“You’ve got to choose whether you agree with the direction the Republican Party has gone, or not,” Kulkarni said. “You can’t just say, ‘Well, I 100 percent support Trump, and I’m inclusive.’ Those two things are not mutually compatible.”

Bush leans heavily on his non-profit background to set him apart in a crowded race. He joined Big Brothers Big Sisters Lone Star as a volunteer before rising through the ranks, and the Houston Chronicle touted his leadership of the group as part of the reasoning behind their recent endorsement.

Yet some prominent Houston Democrats who knew him through nonprofit circles said they were taken aback by his strong praise for Trump and his TV-ad pledge to “deport criminal illegals.”

“I’ve met him on more than one occasion — and, frankly, it’s been a surprise to me to hear his views on some stands knowing his Big Brothers Big Sisters sort-of philanthropic side,” said Rep. Sylvia Garcia (D-Texas), a long-time Houston politician who endorsed Kulkarni. “He has said some things that are concerning. It appears to be, like, out of character.”

Still, Bush clearly has a rapport with many of the immigrant communities in the district and appears to conduct more outreach than his leading rivals. He spent a recent Sunday bouncing between events hosted by two different minority groups.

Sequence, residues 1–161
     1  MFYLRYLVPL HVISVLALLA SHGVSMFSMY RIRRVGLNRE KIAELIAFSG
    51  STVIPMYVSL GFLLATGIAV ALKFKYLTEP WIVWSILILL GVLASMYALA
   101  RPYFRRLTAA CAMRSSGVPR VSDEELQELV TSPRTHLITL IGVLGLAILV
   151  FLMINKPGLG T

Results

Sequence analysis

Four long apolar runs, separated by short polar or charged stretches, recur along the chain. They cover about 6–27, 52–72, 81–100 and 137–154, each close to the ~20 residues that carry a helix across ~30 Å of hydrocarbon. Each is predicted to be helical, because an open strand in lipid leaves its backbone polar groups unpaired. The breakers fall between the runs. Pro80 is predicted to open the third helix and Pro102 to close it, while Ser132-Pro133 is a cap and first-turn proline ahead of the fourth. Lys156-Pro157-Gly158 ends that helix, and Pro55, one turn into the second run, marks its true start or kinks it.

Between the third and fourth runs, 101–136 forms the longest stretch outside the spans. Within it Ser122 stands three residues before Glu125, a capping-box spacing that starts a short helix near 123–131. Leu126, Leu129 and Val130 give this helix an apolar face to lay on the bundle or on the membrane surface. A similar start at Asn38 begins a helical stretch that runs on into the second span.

Privately, some Republicans worry neither Nehls nor Wall will be able to gain traction in such a diverse district. Democrats plan to exploit both as immigration hard-liners. Nehls, the Fort Bend County sheriff, boasted in an interview of his record “of locking over 2,500 criminal illegal aliens in our jail and holding them for ICE.” Wall is attempting to position herself to Nehl’s right on the issue.

But both have perhaps a clearer shot to the runoff than Bush, who didn’t enter the race until just before the mid-December filing deadline. Wall has substantial name ID after a failed 2018 run in a neighboring district, and Nehls has a formidable base in Fort Bend.

Advocates for all of the top candidates have pitched people in the president’s political orbit on an endorsement, according to a source familiar with those conversations, though Trump has stayed out of the race thus far.